Because the Constitution gives each state the same number of Senators residents in small states have a much bigger say in the makeup of the upper body than voters in big states.  In 2018, the number of votes needed to win a Senate seat in California was 56 times greater than the number needed to win a seat in Wyoming. By and large, smaller states have grown more conservative in recent decades and that is why Donald Trump won 30 of the 50 states in 2016 even though he lost the popular vote. As a result a Senate that would bring an agenda to the floor without Republican votes would require Democrats to win at least a third (20) of the seats necessary for cloture from states that voted for Trump.

It is easy to see how the Democrats could (in a good year) win the 4 seats they now need to gain the majority in the Senate but winning the 9 additional seats needed to allow these bold initiatives to be debated and adopted in the Senate would require a significant number of victorious Democratic campaigns in some very conservative portions of the country.

The situation in the House is less problematic for bold agenda items. They now hold 235 of the 435 seats, 17 more than needed for control or passage of specific programs. But preserving the current Democratic majority in the House in 2020 and beyond can not be taken for granted.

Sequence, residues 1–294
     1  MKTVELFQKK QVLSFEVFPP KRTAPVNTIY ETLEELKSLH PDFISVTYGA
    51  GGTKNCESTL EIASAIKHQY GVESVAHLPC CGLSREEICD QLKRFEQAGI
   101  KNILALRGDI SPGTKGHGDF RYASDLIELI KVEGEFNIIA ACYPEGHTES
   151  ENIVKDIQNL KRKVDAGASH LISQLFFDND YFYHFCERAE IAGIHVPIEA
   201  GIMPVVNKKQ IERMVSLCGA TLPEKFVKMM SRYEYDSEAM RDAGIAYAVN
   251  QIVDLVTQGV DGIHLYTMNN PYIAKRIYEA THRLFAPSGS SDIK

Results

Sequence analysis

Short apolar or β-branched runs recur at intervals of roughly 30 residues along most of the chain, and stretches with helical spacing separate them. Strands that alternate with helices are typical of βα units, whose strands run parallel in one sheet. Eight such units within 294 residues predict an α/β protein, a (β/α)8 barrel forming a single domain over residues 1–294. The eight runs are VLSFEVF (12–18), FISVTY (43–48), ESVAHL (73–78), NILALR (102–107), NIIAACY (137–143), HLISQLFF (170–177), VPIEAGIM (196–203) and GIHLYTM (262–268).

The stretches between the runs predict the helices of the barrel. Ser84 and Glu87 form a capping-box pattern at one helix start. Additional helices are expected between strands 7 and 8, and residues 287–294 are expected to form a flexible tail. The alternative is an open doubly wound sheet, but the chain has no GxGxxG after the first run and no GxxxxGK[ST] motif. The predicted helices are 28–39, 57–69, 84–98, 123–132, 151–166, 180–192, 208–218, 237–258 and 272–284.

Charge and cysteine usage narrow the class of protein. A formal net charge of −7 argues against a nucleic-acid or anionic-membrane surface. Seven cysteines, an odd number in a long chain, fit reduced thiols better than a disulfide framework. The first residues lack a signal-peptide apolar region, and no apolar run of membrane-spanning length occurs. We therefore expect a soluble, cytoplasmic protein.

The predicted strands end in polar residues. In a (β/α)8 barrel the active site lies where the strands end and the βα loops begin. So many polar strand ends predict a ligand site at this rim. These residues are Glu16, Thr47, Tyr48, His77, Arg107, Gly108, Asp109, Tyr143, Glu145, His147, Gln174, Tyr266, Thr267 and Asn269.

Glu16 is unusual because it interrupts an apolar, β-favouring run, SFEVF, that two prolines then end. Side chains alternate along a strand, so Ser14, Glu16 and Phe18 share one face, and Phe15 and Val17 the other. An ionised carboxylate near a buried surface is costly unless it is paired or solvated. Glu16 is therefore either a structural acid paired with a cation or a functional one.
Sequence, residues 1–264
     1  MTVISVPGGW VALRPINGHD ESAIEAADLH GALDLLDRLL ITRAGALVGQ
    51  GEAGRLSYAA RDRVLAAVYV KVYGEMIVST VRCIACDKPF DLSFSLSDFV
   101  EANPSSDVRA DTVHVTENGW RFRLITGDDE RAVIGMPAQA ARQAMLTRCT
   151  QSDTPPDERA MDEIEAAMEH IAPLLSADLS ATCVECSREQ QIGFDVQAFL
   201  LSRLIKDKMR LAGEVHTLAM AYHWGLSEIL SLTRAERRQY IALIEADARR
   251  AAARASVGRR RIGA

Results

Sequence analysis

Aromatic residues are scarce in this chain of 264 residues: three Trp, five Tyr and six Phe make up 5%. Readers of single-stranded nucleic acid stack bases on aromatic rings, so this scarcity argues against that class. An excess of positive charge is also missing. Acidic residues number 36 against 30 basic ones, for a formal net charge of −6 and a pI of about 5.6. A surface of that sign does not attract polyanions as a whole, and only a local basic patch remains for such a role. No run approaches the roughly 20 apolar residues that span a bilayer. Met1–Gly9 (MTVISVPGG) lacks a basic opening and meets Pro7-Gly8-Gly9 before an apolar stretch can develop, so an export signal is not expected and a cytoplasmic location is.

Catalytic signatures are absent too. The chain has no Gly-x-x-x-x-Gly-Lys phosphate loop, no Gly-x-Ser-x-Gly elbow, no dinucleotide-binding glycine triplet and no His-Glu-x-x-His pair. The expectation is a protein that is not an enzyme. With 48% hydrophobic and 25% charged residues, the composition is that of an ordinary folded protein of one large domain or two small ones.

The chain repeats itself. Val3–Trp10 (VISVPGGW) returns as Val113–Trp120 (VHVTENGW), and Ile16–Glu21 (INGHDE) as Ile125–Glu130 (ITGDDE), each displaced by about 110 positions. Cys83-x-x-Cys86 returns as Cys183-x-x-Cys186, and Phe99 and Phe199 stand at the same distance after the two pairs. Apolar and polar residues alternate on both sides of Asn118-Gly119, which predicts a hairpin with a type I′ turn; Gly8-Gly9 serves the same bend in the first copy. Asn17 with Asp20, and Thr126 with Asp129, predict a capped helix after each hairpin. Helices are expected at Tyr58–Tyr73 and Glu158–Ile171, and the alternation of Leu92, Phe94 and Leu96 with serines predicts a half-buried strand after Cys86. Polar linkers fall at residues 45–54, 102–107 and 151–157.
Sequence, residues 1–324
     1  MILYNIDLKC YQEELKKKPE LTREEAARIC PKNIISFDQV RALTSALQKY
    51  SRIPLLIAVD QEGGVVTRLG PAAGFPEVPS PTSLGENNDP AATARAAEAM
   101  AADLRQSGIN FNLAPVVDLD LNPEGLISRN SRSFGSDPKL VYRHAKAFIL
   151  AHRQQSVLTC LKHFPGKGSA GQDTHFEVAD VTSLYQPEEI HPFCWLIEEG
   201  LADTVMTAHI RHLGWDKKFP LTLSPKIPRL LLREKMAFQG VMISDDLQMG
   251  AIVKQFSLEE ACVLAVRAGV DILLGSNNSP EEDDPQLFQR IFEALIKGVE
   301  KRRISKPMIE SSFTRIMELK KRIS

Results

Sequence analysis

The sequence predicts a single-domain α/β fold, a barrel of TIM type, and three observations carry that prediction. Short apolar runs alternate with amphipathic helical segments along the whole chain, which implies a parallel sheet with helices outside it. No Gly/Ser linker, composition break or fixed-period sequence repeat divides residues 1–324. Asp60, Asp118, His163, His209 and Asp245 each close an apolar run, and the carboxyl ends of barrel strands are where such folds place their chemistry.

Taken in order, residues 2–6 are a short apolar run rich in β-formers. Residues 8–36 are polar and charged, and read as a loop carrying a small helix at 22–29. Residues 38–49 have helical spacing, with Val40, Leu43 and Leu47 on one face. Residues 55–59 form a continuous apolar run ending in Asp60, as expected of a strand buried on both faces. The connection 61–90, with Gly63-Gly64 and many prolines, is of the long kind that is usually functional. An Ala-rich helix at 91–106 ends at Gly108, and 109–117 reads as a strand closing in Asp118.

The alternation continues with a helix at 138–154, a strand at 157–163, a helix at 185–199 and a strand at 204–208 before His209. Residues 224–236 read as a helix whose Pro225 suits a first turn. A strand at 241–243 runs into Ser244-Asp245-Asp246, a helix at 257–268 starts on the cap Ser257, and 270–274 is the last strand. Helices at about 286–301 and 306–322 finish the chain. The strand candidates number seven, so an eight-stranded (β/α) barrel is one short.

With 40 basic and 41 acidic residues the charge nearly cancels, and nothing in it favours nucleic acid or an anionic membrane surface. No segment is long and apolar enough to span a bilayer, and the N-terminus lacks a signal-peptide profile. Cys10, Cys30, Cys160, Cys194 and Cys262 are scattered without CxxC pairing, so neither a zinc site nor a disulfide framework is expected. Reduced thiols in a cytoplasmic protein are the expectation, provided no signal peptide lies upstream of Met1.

House members are usually targeted by the opposing party if they win with less than 55 percent of the vote. Last November, 35 of the Democrats that were elected fell below that number and 21 were elected by margins of less than 5 percentage points. More than 50 House Democrats now hold seats that were held by Republicans at some point in the last 5 years. The balance of power in the House and its ability to move a presidential agenda rests solidly in the hands of voters in moderate to conservative districts.

The current Democratic Majority is the result of extraordinary efforts by people. Kendra Horn is the first Democrat to be elected from any Congressional District in Oklahoma in 8 years. Lucy McBath now represents the district in Georgia once held by former Speaker Newt Gingrich and more recently by Tom Price, Donald Trump’s ultra-right appointee to run the Department of Health and Human Services. Joe Cunningham last fall became the first Democrat to carry the 1st District of South Carolina in 40 years and Abagail Spanberger won a Congressional District in Central Virginia that Mitt Romney carried against Barrack Obama by 15 points.